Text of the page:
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« Rendez-vous | Main | Akhmatova, "Вечером" »


The greater the period of time left behind us, the more irresistible the voice inviting us to return. This phrase has the look and feel of evidence, but all the same it is untrue. As one gets older and the end nears, each moment becomes more and more precious, and one no longer has time to waste on memories. One has to understand the mathematical paradox of nostalgia: it is more powerful in the throes of youth when the volume of life lived is completely insignificant.

                                                                                                                  Milan Kundera, L'ignorance

Watching this pretentious quilt of a film a while back, I was reminded of an old (and incorrect) saying: judge not the act for the place in which it occurs. Paris, a place I have never been able to get over, makes the most trivial of acts and banal of conversations seem more profound and life-changing. It colors the shades of my twilights, the reflections upon a citied river, the dappled incongruity of the houses and brasseries that have no comparison in any other city, the weather that always seems to enhance our rising emotions. Yes, readers of these pages know my weaknesses, and one of them is surely for the metropolises of Northern Europe. Strange that, as my ancestors hail from all corners of the Mediterranean; perhaps it is my conscious effort to overcome my bloodlines; perhaps, and more likely, it is among these northern lights  Paris, London, Hamburg, Copenhagen, Moscow, Amsterdam, Prague, Vienna, Stockholm, Berlin, St. Petersburg, Helsinki  that my soul has found the balance of culture, language, art and humanism that will forever nourish its dreams. And should memory serve me well  and it is usually a docile hound  I first flipped through this book on the ground floor of this bookstore several years ago.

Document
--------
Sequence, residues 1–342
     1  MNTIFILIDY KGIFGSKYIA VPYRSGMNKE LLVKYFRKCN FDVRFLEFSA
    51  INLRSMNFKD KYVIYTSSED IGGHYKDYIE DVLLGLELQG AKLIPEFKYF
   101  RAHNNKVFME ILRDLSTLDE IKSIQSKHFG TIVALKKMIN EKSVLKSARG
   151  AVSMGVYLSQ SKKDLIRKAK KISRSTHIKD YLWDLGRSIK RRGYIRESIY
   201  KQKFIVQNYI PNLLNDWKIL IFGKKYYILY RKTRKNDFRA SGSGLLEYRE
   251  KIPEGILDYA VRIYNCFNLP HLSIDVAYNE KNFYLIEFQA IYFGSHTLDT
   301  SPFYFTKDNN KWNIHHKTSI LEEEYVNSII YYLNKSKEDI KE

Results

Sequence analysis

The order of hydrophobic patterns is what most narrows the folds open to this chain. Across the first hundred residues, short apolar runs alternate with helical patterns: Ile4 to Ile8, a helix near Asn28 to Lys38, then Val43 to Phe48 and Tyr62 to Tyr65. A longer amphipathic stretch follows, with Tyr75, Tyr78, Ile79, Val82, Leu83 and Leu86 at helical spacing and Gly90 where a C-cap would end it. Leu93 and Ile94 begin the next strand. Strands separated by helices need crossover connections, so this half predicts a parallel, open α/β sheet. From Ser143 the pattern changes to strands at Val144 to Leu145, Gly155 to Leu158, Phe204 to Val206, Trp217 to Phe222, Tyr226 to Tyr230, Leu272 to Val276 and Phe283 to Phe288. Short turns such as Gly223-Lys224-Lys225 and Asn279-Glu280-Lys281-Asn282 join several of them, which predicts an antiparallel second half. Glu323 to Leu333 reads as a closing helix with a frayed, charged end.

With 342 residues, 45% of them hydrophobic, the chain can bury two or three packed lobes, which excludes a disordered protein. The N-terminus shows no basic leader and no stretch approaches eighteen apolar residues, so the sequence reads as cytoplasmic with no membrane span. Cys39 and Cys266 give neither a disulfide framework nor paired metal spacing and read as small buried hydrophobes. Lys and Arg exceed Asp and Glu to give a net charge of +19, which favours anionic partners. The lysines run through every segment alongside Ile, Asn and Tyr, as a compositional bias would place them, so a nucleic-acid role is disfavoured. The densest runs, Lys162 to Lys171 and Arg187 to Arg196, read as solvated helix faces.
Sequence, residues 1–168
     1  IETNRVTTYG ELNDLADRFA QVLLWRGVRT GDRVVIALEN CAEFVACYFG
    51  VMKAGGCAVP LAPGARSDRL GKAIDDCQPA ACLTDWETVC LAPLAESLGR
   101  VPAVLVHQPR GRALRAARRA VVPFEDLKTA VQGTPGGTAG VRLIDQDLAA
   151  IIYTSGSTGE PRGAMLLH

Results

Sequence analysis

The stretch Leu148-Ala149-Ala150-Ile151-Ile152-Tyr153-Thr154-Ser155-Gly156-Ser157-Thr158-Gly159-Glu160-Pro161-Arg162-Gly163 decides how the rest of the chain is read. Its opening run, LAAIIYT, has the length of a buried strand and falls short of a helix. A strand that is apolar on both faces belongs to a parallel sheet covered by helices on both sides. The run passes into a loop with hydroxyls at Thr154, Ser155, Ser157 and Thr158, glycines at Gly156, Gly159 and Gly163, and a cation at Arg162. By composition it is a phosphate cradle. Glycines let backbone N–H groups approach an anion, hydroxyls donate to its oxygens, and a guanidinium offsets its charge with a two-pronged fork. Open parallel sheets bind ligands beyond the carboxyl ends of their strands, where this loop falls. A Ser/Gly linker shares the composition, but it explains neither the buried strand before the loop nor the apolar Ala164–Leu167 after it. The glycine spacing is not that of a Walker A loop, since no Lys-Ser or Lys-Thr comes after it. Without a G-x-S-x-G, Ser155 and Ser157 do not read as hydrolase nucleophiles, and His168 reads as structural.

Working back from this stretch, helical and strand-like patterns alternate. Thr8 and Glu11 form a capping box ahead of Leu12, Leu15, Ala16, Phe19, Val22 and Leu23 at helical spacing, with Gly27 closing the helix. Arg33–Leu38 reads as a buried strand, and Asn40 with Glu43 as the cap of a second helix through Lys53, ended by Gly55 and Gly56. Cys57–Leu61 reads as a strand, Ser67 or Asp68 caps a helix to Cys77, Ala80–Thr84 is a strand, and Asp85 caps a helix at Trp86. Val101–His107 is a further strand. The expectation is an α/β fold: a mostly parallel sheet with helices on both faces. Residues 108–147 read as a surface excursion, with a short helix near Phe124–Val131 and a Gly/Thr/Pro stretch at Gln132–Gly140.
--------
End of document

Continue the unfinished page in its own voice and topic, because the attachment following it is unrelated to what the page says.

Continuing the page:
Only the German translation was available, and a few pages of random reading (my usual method of selection) suggested that waiting to acquire the original would probably be a better idea. Memory has yet to yield any data regarding that brief dalliance apart from the plot blurb on the back, which I seem to remember verbatim, and a few scattered thoughts about one woman's rather melodramatic and tragic return home (home, in this case, being this breathtaking city). The result is an odd novel, more a pastiche of the author's memories than anything else, and proof positive that where something takes place undoubtedly influences how we view what takes place. Our protagonist – well, our initial protagonist – is a Czech émigré called Irena, now living in Paris with her adult daughter. Like many of her compatriots Irena fled her homeland when the Red Army decided to practice tank manoeuvres in downtown Prague. Twenty-one years later, when the wall of ignorance between East and West was finally torn down, she was faced with a choice: return to a country she no longer knows or remain in another country where she will never truly be at home. It is a choice that every émigré and political refugee faces once another tyrant has been destroyed (we have, thank Heavens, only a few left), and there are no advantages to making a decision that has already been made by history. As our omniscient narrator comments: "But what can a man who has come to see the country of his past think of, if not of his past?" And here is where Irena wades through the waters of oblivion and finds some shells and artefacts she did not expect.